Early sales, staffing shortages, lines

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As the strained world supply chain continues to be pushed to its limits in the aftermath of the lingering COVID-19 pandemic, one perfect storm awaits with the potential to shake an already bleak situation into a full-blown catastrophe: Holiday shopping. 

Amid a global shipping crisis, a nationwide staffing shortage and a developing dearth of diesel fuel slowing down shipments on trucks, the crunch-time period of in-person holiday shopping from now until the end of the year faces many obstacles. Obstacles that could spiral into concerning levels when down-the-stretch shopping begins with Black Friday. 

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The nation’s labor shortage has caused increased wait times for everything from the fast food industry to accessing basic services like car repair or haircuts.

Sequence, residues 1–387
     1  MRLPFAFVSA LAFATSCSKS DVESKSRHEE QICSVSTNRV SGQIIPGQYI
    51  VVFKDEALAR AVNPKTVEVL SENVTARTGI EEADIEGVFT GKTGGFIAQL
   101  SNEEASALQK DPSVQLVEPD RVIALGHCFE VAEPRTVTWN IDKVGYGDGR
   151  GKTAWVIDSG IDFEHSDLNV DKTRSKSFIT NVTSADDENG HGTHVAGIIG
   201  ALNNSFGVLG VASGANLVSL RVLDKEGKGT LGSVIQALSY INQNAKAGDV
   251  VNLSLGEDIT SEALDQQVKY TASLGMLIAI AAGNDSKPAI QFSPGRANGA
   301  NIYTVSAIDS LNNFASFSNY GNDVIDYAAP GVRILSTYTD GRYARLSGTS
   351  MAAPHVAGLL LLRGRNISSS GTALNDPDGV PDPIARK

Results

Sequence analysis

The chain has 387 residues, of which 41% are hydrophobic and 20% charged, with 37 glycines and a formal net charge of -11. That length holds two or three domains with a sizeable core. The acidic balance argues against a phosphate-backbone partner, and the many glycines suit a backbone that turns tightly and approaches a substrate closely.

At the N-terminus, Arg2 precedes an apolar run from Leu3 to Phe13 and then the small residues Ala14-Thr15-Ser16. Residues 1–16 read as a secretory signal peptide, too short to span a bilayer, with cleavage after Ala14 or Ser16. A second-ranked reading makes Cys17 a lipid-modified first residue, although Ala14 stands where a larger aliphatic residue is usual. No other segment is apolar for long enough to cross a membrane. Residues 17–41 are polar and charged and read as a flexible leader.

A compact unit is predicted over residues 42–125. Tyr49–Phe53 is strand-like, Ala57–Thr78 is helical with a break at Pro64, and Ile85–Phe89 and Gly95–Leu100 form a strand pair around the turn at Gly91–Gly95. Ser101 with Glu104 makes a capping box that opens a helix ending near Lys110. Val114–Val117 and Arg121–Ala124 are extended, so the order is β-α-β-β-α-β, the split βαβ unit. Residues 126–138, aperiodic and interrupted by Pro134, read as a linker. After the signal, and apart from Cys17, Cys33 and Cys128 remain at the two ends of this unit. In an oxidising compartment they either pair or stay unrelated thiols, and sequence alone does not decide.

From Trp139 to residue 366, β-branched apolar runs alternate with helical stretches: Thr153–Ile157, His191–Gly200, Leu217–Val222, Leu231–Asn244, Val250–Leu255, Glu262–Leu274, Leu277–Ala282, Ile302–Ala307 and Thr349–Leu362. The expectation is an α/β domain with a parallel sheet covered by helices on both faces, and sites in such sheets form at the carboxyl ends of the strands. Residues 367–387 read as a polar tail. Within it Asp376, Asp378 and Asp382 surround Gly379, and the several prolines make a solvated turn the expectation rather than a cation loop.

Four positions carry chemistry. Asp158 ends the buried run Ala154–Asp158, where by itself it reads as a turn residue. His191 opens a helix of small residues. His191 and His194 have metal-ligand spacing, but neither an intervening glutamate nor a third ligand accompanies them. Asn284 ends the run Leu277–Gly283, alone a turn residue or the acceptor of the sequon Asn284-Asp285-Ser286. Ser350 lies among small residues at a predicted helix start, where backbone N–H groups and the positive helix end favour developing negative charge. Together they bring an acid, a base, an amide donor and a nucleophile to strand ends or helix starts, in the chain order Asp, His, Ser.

Lauren Hughes, left, at Altar'd State rings up customer Olivia Loeffler of Loveland during Black Friday shopping at Kenwood Towne Center in 2016.

What to expect on Black Friday

Cincinnati’s Kenwood Towne Centre on Montgomery Road has pushed its hours back in anticipation of some of the challenges Black Friday could pose. The mall will be open from 9 a.m. to 9 p.m. on Black Friday rather than the normal early hours opening.

To prepare for Black Friday with staffing challenges, a number of retailers at the mall have bumped sales up early so folks can get discounts on items ahead of the one-day sale explosion, Kenwood senior general manager David Jacoby said.